The Advisory Committee on Immunization Practices released the update to the Recommended Adult Immunization Schedule for all US residents aged 19 years and older, which has been approved by the CDC and medical groups.
The Recommended Adult Immunization Schedule for Ages 19 Years or Older was released with an update for 2023, as published in Annals of Internal Medicine. The new recommendations, which focus on residents of the United States, can also be found on the CDC website.
The Advisory Committee on Immunization Practices voted to approve these recommendations in October 2022. Recommendations were developed after in-depth review of the epidemiology and burden of vaccine-preventable disease, vaccine safety, vaccine efficacy, economic analyses of immunization policy, quality of evidence, and feasibility of implementation of immunization programs.
The biggest changes coming to the 2023 version of the recommendations are new wording regarding COVID-19 vaccines and influenza vaccines, as well as new vaccines for measles, mumps, and rubella (MMR) and hepatitis B.
“Both schedules include recommendations for situations requiring additional doses of the MMR vaccine during a mumps outbreak and a description of the use of inactivated poliovirus vaccine in people 18 years of age and older who are at increased risk for exposure to polioviruses,” said Neil Murthy, MD, MPH, MSJ, medical epidemiologist at the CDC and the lead author of the adult immunization schedule, which will also be summarized in the Morbidity and Mortality Weekly Report.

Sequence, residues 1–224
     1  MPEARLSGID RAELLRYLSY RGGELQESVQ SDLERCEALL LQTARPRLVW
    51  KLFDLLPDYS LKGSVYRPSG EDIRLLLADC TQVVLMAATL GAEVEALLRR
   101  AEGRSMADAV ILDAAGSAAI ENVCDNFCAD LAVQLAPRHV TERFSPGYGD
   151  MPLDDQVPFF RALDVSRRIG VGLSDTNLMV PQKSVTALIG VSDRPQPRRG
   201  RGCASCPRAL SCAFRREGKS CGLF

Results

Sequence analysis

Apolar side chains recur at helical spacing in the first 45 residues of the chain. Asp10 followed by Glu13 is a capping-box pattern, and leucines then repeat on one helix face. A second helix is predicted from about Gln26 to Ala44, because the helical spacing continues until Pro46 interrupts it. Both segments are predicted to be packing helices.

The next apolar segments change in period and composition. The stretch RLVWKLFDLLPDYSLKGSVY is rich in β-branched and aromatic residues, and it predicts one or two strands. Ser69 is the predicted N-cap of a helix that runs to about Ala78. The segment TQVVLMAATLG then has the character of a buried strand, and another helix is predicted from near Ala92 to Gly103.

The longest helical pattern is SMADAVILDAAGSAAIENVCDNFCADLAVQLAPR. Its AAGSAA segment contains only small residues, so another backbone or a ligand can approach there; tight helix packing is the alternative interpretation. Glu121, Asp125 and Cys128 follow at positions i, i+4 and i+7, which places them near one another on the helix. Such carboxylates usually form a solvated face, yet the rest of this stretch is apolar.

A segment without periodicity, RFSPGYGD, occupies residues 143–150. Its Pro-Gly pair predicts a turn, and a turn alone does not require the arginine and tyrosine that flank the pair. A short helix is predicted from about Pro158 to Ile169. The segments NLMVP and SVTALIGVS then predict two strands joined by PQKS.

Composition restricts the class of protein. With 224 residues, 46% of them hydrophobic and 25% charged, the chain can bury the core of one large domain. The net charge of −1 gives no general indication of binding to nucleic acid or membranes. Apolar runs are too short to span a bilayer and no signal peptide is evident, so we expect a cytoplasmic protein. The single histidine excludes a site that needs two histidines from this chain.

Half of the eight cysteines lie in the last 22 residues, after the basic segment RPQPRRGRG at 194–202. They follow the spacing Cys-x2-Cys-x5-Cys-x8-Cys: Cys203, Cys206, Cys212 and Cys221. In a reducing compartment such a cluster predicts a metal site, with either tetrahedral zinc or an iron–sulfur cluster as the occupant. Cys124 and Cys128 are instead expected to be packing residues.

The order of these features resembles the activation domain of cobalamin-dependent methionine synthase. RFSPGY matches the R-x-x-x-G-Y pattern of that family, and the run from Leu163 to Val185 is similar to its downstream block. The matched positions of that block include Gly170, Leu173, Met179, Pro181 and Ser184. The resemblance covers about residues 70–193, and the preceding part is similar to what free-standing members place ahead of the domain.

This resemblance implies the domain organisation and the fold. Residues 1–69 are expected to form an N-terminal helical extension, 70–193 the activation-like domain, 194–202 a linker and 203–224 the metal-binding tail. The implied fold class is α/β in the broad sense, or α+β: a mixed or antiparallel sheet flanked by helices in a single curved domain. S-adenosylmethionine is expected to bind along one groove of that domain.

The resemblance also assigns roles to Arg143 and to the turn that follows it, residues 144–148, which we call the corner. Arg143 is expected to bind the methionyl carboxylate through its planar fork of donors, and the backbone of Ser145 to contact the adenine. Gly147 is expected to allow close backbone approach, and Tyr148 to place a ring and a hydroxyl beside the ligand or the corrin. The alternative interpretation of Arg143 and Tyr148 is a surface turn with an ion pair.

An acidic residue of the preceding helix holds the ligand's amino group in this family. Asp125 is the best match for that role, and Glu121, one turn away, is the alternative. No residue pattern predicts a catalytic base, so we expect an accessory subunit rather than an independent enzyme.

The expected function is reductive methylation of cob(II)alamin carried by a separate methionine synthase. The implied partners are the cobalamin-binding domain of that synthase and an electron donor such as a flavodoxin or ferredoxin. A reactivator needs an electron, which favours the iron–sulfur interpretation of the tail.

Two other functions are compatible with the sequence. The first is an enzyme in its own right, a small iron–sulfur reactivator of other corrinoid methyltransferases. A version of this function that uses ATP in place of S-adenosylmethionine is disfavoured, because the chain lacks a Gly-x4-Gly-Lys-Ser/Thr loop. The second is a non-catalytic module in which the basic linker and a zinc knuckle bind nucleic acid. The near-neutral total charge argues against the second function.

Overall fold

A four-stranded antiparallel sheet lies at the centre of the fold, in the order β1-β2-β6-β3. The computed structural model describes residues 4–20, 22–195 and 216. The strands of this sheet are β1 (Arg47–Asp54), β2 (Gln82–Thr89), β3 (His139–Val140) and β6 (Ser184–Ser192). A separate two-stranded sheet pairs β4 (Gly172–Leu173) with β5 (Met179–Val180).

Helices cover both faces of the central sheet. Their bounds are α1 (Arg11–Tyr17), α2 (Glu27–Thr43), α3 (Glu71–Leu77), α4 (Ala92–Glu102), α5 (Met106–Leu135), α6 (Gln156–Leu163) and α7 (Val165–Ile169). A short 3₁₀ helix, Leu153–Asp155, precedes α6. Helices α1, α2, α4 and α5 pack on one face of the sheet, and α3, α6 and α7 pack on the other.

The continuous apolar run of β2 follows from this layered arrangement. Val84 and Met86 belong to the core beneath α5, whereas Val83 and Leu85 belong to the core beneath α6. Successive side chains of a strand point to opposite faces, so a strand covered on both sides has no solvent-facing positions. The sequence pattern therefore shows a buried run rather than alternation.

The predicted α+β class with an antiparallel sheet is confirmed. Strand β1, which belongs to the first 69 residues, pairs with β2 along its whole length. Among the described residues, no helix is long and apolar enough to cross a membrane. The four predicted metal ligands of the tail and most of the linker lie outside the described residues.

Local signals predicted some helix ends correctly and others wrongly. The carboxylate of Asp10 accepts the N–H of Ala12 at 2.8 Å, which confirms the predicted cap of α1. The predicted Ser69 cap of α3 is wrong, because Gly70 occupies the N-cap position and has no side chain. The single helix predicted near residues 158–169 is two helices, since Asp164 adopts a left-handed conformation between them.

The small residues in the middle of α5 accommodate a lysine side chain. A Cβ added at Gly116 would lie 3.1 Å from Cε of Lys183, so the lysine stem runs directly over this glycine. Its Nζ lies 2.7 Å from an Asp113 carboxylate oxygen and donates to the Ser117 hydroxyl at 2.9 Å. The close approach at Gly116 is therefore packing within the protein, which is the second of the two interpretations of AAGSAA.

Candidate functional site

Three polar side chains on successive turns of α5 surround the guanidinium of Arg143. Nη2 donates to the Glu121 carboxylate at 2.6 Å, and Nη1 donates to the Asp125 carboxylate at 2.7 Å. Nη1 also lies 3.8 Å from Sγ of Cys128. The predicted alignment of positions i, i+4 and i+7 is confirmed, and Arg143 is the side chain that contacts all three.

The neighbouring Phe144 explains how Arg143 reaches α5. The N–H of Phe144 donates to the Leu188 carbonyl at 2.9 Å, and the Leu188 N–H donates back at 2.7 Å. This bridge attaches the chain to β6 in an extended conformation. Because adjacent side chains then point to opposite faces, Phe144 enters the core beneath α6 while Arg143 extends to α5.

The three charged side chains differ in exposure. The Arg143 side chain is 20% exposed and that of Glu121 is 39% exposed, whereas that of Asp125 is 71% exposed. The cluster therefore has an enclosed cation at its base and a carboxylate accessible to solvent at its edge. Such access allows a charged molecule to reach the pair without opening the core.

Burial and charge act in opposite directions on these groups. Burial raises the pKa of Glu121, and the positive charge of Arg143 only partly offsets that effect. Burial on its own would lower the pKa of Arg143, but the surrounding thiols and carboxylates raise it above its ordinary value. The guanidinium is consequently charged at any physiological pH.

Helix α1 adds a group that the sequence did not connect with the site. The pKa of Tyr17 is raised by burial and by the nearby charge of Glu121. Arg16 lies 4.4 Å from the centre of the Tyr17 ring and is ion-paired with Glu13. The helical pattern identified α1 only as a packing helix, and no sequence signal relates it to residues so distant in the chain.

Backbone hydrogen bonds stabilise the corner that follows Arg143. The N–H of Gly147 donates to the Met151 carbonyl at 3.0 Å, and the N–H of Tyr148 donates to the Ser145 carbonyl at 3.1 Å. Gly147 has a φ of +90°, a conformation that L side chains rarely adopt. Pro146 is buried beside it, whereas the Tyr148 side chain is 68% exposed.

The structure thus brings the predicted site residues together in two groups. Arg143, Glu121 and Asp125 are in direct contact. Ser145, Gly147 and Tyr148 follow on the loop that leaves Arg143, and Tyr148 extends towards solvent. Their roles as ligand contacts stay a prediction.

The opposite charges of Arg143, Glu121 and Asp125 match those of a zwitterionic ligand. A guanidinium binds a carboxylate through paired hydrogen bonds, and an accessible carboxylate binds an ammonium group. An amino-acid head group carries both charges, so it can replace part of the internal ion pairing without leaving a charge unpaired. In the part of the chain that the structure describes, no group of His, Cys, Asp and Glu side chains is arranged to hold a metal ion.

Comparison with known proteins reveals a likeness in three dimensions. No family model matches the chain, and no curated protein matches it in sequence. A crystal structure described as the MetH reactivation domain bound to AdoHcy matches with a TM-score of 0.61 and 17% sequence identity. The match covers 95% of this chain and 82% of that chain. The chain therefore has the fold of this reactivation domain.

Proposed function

Recommendations for the COVID-19 vaccine were added in a new section, which included those that were approved and authorized by the FDA. Notes on the primary series of vaccines for the general population were given as well as notes for those who are immunocompromised. Booster dose recommendations and recommendations for people who had received the Janssen vaccine were also provided.
“The inclusion of COVID-19 vaccines in the Tables and Notes sections of the Schedules this year is an important step forward and emphasizes the public health message that all persons 6 months of age and older should be vaccinated against COVID-19,” said Murthy. “Having [the] COVID-19 vaccine presented in the same way as other routinely recommended vaccines ‘normalizes’ the vaccine and can help encourage vaccine uptake.”
A new vaccine aimed at hepatitis B, named PreHevbrio, was added as a new option in a 3-dose series. Universal recommendation for vaccination continues in adults aged 19 to 59 years, and new language was added to encourage adults 60 years and older to get vaccinated if they have known risk factors.
Annual influenza vaccination continues to be recommended for all US residents aged 6 months and older. These vaccines can include any of the quadrivalent high-dose inactivated influenza vaccine, the quadrivalent recombinant influenza vaccine, or the quadrivalent adjuvanted inactivated influenza vaccine, which are all preferred compared with other influenza vaccine products. Other age-appropriate influenza vaccines can be used if any of the other vaccines are not available.
Among the other changes to the recommendations, notes on zoster vaccinations clarify that serologic evidence of prior varicella is not necessary to receive the zoster vaccination.
These recommendations will be given to all health care providers to inform their patients about immunization. Support for health care providers will also be given for partner organizations.
“Studies have shown that a recommendation for vaccination from a trusted source such as a health care provider is one of the greatest motivators for a person to receive a vaccine, so these schedules are a tool that health care providers can use to make a strong recommendation,” said Murthy.
Murthy N, Wodi AP, Cineas S, Ault KA. Recommended adult immunization schedule, United States, 2023. Ann Intern Med. Published online February 10, 2023. doi:10.7326/m23-0127